How do you stamp out anti-Semitism?
It seems like an impossible task.
One answer is this: One teacher at a time. Each teacher, after all, influences several classrooms.
With that in mind, the Jewish Federation of Northern New Jersey is partnering with the Holocaust Museum and Center for Tolerance and Education in Suffern to present an anti-anti-Semitism training program for middle school and high school educators next week. (See below.)
“It’s important to find a way to educate the educators who are sharing their views with the next generation,” Ariella Noveck said. Ms. Noveck is the director of the federation’s Jewish Community Relations Committee. “Anti-Semitic acts are occurring all over the world,” she continued. “It’s happening in our backyard.”
The Rockland Holocaust Museum began training teachers about anti-Semitism and bias a year and half ago when it hired Abigail Miller as its director of education. “This year, since September, we have run in excess of 100 programs,” Andrea Winograd, the museum’s executive director, said. “Many schools come to us proactively, because they are concerned by what they see happening in neighboring communities or on the news and want to head off any any problems. We also receive many calls from schools wanting to help address something that has occurred, like a swastika graffiti or something of that sort.”
The North Jersey federation’s first program with the Rockland museum for educators, held in March, was a success. That program trained teachers in the broader questions of implicit bias and racism. Next week’s program goes further: “This is about how teachers can address anti-Semitism in their classroom, either proactively or reactively as needed,” Ms. Miller said.
“We define and try to begin to understand anti-Semitism, as well as its connections to other types of bias and racism,” Ms. Miller said. “We look at the historical context of anti-Semitism, especially the events surrounding the Holocaust and World War II, as well as contemporary anti-Semitism. We bring in examples of lesson plans, resources for them to use in the classroom right now. The goal is to address what is happening in schools right now.
“Many teachers are lacking the historical context to understand anti-Semitism. Many don’t understand how anti-Semitism has presented itself historically, so sometimes contemporary manifestations are able to slip under the wire. They don’t understand why something connects to historical anti-Semitism. Accusations of dual loyalty is one example.”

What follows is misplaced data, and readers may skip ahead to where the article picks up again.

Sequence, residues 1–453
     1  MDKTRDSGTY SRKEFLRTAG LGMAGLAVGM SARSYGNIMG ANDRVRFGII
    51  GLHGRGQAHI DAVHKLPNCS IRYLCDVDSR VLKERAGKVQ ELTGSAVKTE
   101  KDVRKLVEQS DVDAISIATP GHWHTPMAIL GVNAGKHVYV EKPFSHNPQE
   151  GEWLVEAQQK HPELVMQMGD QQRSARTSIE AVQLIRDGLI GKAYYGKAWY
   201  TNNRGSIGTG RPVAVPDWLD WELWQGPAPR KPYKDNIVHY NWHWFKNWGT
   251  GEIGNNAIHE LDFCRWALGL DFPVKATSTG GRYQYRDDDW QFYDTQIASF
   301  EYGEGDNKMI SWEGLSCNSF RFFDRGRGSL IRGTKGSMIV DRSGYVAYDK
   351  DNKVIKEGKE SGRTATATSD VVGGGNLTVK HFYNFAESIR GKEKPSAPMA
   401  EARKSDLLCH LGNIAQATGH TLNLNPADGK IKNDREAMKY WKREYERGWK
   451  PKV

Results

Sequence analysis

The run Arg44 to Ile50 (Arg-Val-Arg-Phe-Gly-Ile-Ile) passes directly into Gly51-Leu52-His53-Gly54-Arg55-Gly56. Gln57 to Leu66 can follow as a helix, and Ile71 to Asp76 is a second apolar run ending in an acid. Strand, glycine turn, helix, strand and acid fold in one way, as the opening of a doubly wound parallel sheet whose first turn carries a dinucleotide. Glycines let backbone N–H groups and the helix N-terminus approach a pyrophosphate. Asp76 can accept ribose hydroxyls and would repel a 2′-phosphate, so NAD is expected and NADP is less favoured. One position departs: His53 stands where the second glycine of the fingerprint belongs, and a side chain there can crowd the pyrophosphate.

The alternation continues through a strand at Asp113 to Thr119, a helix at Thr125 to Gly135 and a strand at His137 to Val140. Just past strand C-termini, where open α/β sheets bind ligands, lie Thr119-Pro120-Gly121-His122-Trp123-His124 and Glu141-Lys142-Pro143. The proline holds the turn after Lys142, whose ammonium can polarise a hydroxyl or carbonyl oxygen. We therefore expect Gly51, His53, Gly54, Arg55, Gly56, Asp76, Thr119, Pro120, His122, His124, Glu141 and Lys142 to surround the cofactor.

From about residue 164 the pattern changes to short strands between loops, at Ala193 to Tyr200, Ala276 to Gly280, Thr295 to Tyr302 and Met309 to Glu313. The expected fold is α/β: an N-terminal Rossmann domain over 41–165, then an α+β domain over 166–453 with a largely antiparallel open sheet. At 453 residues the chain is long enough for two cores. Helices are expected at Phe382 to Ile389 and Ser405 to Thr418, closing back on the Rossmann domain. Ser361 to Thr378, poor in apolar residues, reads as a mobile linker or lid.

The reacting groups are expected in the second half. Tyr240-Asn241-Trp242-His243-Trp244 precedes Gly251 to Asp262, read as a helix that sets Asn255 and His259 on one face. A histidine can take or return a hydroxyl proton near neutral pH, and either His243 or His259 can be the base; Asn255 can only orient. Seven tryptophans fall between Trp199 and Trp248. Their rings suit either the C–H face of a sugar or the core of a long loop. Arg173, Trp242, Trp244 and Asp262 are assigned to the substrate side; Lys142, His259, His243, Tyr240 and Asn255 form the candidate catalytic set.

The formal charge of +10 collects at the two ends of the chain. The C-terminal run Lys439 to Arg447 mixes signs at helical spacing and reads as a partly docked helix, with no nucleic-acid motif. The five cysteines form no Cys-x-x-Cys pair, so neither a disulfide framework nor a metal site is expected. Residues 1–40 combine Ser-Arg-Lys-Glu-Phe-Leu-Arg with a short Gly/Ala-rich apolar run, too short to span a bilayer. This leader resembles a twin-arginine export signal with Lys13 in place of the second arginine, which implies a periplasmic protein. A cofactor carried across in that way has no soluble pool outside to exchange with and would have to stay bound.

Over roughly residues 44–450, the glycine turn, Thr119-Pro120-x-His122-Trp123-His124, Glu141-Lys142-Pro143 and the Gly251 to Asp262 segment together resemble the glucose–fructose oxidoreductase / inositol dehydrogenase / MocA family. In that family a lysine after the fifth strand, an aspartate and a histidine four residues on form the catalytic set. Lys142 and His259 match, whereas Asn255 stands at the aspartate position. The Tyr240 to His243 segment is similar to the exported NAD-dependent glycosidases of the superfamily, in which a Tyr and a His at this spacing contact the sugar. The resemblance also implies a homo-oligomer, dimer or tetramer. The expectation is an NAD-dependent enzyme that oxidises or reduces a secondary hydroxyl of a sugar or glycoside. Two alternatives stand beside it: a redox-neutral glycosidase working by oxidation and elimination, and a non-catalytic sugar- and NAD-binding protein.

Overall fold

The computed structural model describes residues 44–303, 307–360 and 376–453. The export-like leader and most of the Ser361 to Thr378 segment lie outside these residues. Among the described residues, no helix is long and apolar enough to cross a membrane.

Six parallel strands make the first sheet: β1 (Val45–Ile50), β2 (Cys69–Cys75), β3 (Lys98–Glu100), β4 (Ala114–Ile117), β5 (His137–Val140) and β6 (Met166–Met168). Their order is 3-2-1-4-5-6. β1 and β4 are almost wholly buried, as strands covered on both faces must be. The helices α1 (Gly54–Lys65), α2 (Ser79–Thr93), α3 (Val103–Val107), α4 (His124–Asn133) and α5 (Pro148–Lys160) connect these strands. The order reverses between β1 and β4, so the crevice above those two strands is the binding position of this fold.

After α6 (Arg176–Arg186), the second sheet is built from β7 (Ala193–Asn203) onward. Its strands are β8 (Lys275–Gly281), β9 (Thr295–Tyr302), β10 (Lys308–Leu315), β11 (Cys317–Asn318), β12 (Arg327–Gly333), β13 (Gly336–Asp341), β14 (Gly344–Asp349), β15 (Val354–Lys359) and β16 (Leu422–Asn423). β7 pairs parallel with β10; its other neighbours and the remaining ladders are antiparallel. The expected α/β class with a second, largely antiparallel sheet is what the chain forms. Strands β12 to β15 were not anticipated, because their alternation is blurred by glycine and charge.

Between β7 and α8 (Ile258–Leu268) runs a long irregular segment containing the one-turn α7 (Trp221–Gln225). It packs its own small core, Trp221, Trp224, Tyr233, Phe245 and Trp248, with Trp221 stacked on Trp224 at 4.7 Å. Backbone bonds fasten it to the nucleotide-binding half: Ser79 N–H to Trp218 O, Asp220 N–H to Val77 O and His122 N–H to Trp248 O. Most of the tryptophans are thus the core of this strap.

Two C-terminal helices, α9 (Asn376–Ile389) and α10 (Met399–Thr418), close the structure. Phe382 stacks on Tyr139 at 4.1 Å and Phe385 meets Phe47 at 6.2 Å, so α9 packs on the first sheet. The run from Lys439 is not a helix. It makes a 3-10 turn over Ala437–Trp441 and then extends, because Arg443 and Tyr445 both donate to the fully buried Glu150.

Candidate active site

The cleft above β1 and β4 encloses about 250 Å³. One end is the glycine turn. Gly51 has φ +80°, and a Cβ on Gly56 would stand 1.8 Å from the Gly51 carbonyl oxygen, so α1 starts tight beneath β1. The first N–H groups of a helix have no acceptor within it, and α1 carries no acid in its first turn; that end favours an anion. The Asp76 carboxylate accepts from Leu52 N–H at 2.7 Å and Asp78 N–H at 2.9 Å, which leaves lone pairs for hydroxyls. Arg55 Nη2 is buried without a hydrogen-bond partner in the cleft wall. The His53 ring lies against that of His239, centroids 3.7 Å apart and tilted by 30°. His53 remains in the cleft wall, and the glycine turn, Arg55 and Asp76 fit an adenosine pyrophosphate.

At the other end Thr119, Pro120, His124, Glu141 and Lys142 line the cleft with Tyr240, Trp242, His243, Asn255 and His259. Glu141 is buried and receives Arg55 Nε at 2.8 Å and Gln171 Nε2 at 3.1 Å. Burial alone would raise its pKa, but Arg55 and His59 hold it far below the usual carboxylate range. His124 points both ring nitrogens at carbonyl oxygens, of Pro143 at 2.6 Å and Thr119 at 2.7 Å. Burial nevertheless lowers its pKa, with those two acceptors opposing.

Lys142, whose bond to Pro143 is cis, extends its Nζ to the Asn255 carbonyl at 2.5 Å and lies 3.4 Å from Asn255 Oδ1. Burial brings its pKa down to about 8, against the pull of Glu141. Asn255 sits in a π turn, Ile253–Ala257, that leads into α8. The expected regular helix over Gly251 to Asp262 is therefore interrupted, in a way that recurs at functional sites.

About 50 people attended the March training, including many school superintendents.
Ms. Miller’s presentation included a theoretical discussion of how bias works, as well as immediately practical matters.
“We learned about the different kind of problems that can be reported,” Ms. Noveck said. “Most of the time, if you think it should be reported, it should be. We were encouraged to always report.”
Ms. Noveck said the federation works with school superintendents when there’s an episode of anti-Semitism in their schools. “We help them when something goes awry in their own school district. We’re here to support them continuing their education in how to deal with these situations.”
Ms. Noveck said that anti-Semitic incidents in schools often involves juveniles.
“Our goal is not to harm them. We want to help them move forward in their lives, and eradicate the hate,” she said.
“A lot of time it’s juveniles acting out for one reason or another. Swastikas on the wall are done by juveniles. You don’t hear about the conclusion of the case.”
She said the federation is working to bring anti-prejudice programs into public school systems.
“We would love to see a program put in the curriculum to teach about bias and hate,” she said.
What: Addressing Anti-Semitism Through Education Training
Who should attend: Middle school and high school teachers and educators
Where: Jewish Federation of Northern New Jersey, 50 Eisenhower Drive, Paramus
Taught by: Abigail Miller of the Holocaust Museum and Center for Tolerance and Education in Suffern
When: Wednesday, May 15, 4 to 6 p.m.